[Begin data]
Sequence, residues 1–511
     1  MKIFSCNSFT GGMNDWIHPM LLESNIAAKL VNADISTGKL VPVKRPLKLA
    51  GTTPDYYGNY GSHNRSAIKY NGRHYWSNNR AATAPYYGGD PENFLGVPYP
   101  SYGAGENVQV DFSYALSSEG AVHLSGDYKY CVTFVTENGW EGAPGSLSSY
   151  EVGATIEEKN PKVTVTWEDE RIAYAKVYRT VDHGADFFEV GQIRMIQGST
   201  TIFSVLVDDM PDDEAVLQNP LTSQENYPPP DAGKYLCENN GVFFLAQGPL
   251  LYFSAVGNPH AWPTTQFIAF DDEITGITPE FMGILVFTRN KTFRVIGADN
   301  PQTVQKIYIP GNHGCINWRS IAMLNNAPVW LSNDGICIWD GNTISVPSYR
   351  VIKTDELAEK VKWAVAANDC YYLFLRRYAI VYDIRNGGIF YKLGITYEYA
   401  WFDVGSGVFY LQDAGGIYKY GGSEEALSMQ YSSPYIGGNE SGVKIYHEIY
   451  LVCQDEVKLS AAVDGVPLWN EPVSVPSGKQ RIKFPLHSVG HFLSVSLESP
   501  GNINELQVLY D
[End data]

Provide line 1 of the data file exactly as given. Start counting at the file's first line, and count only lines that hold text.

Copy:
Sequence, residues 1–511